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Kashmir: Time to Ring the Bell

Lt Gen Harinder Singh, Retd, is Former DGMI and Commandant IMA. He has tenanted several important command and staff assignments in the Indian Army. The author can be contacted at harinder41[at]
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  • October 13, 2010


    Kashmir has been on the boil for several months now. The situation looked grim till the All Party Delegation (APD) intervened to review the situation, and since then some calm seems to have been restored. The APD treaded cautiously during its visit to gauge the public mood and angst and, above all, to ascertain the reasons for the unprecedented street rage. The central government ultimately followed up on the visit with an eight point resolution. The initiative chiefly entails nomination of interlocutors to engage all stakeholders in the Valley. It attempts to address several contentious issues such as the review of the disturbed areas, the deployment of the security forces, and the desirability of security posts in urban areas. A special task force for Jammu and Ladakh divisions has also been suggested to give a balanced look to the new proposal.

    On the face of it the Centre’s approach of reaching out to the people looks encouraging, but whether it can address the fundamental issues underlying the unrest remains uncertain.

    Probable Motive(s)

    Evidently the doubts stem from the pattern of street violence witnessed during the last four months. As the protests broke out in early July 2010, the needle of suspicion was immediately pointed towards the possible involvement of foreign militant organisations and their sponsors. But soon thereafter the focus shifted to the inefficacy of the incumbent government, criticism of the excessive use of force, and a call for revocation of the Armed Forces Special Powers Act, and raging unemployment in the Valley. In between, one also heard about the devious role played by the Masrat Alam - Asiya Andrabi - Mohammad Qasim Faktoo trio, and about the intransigence of the separatist leadership divided into three prominent camps headed by Syed Ali Shah Geelani, Mirwaiz Umer Farooq, and Yasin Malik. Some even allege that the leading opposition party in the state, the People’s Democratic Party (PDP), also had a role in the recent unrest in an attempt to discredit the government of the day.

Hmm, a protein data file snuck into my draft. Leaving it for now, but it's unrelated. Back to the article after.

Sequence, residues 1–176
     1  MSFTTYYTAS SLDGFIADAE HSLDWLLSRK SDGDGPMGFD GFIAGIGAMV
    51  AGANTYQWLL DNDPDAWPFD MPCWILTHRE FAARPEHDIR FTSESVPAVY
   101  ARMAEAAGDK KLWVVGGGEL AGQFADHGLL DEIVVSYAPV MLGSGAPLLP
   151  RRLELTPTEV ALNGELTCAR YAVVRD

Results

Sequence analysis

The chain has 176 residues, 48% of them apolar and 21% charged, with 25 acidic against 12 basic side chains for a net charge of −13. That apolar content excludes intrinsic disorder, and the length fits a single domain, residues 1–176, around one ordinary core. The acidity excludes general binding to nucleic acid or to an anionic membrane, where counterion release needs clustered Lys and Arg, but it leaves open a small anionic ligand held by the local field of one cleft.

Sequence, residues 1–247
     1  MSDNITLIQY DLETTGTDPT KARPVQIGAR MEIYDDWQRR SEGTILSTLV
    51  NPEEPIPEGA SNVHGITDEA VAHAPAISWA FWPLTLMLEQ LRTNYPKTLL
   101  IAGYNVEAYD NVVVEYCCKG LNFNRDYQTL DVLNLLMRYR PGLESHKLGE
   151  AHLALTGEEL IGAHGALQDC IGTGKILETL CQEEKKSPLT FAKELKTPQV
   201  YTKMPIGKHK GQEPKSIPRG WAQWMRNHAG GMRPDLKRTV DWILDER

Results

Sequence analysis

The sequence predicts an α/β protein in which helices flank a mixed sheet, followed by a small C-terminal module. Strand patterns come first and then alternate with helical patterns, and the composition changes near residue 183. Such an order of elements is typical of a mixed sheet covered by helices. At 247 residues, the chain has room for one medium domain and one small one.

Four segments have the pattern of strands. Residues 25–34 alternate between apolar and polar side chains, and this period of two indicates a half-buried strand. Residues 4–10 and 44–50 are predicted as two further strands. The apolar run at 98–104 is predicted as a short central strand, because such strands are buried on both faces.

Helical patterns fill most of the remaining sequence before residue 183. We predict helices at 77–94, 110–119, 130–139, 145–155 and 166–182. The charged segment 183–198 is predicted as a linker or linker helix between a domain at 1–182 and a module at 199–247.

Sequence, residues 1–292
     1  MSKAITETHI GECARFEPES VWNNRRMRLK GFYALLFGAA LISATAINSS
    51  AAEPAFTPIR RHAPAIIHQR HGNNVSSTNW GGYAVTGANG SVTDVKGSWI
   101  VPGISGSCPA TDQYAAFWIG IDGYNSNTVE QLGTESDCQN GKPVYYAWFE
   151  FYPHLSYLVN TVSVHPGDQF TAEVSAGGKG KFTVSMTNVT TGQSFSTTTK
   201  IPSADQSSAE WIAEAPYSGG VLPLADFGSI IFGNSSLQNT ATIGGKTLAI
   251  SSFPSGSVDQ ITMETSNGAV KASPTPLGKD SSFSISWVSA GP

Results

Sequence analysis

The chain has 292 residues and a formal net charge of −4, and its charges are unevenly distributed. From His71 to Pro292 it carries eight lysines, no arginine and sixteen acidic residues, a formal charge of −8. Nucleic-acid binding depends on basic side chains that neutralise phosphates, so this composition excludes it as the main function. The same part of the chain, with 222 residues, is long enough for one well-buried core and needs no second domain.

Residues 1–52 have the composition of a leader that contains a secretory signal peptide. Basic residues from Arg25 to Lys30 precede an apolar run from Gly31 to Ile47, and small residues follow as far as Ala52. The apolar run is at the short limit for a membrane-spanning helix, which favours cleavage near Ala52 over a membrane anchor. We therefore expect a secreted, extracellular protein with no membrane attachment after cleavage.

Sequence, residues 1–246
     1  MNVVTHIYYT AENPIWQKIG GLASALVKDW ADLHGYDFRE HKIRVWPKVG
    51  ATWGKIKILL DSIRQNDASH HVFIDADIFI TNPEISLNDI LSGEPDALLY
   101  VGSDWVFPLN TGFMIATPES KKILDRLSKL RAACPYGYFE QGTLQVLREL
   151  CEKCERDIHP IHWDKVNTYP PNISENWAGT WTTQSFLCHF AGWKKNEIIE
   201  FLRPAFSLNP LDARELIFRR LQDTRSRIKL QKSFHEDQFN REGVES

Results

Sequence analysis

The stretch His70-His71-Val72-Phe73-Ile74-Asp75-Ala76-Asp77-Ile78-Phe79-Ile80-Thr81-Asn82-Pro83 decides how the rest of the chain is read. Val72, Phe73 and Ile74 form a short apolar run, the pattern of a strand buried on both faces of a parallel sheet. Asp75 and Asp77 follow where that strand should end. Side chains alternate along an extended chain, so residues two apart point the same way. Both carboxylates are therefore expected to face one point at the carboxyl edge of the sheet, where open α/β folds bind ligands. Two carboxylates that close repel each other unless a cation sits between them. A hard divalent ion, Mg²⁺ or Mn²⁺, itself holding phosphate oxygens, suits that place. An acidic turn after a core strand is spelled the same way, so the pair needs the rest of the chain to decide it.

Some argue that the autonomy issue is not the principal cause of dissatisfaction. It is rather mis-governance by an `absentee` state leadership that led to the people’s dissatisfaction being exploited by various political entities. To put it simply, the People’s Democratic Party (PDP) is rooting for the removal of the Chief Minister to make itself relevant; Syed Shah Geelani is busy resurrecting himself from being a non-entity; Mirwaiz Umar Farooq is saving his political constituency by giving an `azadi` tilt to his earlier standpoint; and Yasin Malik is reiterating his old demand for independence. It may be worth noting that the demand for `azadi` parroted by the separatists is distinctively different from the demand being articulated for administrative autonomy by the mainstream political parties in Jammu and Kashmir.